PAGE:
Hold on a moment I hear you say, Frozen caused controversy? That whimsical children’s musical comedy about an ice princess. Well yes it did, by a moment that lasted less than 5 seconds. When Anna is looking for winter clothing and Kristoff is looking for supplies they go into Oaken’s shop and Sauna, where they are greeted by the loveable and friendly man himself. The moment that caused the parents to explode was when Oaken offered to throw in a trip to the sauna, where he greets his family already in there with the friendly “ooo hoo, Hi family” In the sauna is a similar aged man to Oaken and 4 younger looking children. Many people saw this as a subtle nod to the fact that Oaken was in a gay relationship and the parent groups were livid.

7. Princess Bubblegum & Marceline – Adventure time.

In 2014, although it was confirmed the two had dated, which explains the sometimes strained relationship between the two, the voice actress had to quickly retract her statements, because Adventure Time is broadcast in countries where same-sex relationships are illegal. The storyline is significantly played down and in some cases, completely erased in those countries. Even in America, it isn’t obvious that the two had a romantic history with each other. Some fans feel that by not making the relationship obvious, it denied the pairing of them and made lesbianism in the series next to invisible.

8. Patty Bouvier – The Simpsons.


In 2005 Marge’s sister Patty came out as a lesbian and by the end of the episode was married to a woman. The controversy sprung from the shows depiction of gay marriage, which was still a boiling pot of controversy at the time, and many groups came out against the storyline of gay marriage, rather than the character herself and the episode even had a parental advisory warning at the start. Due to the initial backlash, the writers of the show had to state that they didn’t take any position on any issues, they just examined them from all sides.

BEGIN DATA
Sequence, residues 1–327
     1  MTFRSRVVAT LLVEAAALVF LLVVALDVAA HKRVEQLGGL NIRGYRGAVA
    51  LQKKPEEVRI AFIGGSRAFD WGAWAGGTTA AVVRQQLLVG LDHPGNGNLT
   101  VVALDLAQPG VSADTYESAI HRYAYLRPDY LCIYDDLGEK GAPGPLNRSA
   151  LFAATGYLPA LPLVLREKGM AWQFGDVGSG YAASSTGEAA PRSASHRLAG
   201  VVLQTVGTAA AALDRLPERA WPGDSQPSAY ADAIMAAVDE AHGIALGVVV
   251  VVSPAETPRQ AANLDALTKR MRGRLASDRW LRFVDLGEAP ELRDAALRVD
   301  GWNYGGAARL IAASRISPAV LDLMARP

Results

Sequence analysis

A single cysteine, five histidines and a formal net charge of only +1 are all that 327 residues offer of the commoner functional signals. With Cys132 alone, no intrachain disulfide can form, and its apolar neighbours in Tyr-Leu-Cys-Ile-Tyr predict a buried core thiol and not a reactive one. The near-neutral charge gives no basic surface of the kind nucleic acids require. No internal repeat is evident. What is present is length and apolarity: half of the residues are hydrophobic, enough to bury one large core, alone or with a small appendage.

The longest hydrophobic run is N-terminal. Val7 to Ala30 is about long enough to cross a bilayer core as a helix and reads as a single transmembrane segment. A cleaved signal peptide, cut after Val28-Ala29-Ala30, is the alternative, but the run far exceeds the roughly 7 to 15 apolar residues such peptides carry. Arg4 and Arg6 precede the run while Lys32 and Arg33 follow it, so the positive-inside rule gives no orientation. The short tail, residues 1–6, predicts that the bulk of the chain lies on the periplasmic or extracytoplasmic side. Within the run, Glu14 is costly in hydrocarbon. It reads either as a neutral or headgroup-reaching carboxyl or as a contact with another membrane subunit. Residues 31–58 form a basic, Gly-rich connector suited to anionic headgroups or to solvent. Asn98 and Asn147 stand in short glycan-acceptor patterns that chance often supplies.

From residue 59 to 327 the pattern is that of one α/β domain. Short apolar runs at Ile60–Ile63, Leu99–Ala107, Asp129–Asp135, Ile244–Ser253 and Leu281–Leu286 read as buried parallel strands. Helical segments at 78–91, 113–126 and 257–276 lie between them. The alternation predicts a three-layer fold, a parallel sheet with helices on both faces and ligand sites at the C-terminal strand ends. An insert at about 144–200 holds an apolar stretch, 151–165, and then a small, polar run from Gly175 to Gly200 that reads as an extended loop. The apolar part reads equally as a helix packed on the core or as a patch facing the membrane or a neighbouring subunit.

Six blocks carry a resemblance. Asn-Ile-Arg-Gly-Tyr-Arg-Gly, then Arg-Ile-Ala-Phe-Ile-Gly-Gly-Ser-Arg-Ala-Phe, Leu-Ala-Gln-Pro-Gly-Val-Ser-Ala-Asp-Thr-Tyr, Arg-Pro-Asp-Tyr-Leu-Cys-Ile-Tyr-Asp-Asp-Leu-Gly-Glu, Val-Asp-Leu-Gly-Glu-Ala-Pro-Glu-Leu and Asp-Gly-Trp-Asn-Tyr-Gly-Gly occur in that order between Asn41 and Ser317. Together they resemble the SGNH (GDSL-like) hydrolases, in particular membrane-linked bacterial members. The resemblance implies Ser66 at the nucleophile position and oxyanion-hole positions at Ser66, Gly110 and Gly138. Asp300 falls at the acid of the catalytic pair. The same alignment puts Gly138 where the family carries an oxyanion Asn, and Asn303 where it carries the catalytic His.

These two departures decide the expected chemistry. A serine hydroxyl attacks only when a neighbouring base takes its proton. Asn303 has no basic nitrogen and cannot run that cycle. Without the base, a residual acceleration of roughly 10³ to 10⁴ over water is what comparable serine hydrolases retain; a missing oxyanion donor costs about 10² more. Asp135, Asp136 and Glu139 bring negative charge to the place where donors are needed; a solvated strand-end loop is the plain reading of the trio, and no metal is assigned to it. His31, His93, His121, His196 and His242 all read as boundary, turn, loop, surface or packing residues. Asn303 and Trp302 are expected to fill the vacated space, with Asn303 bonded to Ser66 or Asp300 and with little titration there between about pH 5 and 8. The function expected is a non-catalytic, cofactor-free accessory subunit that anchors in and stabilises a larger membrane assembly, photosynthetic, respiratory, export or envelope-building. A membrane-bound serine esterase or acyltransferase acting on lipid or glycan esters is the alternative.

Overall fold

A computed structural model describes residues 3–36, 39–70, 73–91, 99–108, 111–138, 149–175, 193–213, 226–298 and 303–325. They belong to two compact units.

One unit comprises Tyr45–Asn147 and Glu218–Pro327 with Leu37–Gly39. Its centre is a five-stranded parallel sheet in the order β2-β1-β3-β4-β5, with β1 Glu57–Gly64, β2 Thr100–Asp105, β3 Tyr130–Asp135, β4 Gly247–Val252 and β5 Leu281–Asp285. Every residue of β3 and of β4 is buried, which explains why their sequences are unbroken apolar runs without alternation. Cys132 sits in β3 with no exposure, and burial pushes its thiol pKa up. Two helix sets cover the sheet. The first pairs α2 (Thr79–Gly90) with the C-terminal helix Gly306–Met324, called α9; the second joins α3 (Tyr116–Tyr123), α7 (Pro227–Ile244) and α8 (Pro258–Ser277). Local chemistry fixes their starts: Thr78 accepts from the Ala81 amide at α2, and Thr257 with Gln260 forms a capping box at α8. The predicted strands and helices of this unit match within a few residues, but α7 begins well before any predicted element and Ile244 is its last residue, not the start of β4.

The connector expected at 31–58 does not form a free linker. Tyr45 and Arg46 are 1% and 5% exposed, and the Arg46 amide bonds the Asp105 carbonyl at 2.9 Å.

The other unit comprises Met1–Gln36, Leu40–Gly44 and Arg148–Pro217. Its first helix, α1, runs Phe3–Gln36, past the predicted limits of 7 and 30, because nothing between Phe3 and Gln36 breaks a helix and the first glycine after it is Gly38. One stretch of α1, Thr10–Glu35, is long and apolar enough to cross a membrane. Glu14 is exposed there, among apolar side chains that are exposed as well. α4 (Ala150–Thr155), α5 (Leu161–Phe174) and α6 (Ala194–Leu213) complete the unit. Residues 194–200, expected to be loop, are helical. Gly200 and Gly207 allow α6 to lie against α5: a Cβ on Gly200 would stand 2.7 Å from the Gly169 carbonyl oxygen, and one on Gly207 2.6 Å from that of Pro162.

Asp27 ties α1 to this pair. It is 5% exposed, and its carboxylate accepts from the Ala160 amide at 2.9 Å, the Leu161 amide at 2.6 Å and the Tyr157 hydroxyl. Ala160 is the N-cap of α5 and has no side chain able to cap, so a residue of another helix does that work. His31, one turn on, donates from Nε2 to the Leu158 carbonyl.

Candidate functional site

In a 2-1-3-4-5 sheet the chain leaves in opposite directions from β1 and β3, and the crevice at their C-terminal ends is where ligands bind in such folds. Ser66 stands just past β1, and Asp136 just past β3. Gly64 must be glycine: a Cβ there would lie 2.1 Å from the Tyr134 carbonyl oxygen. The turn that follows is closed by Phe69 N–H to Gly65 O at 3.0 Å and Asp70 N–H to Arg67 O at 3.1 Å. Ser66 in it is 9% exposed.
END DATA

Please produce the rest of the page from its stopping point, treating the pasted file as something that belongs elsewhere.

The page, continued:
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9. Ruby & Sapphire/Garnet – Steven Universe.

While the characters are essentially genderless (they are alien humanoid gemstones) they choose to present as female, and are frequently fused together as Garnet, which shows their strong love and bond toward each other, even in the series Garnet is described as “Love” indicating that the two presenting as female characters are in a relationship and the character of Garnet is shown as being stronger when made up of Ruby & Sapphire, than when the two are separated. The show presents strong LGBT themes, and has faced much criticism for doing so.

10. Mitch Downe – Paranorman.


Throughout the film the main character’s sister is smitten with the hunky jock and spends most of it trying to win his affections, until right at the end the character states “You’re going to love my boyfriend, he’s like a total chickflick nut” thus making Mitch the first openly gay character in a mainstream animated feature. Naturally this caused some controversy from the parents groups who panicked that children would ask questions about why the man had a boyfriend… sigh.

About the author: Andy Griffiths
I'm a 36 year old gay man who's been in a relationship for 11 years. I now live in Manchester. My interests include writing, movies and watching many different types of documentary. I'm not afraid to voice an opinion, but respects others views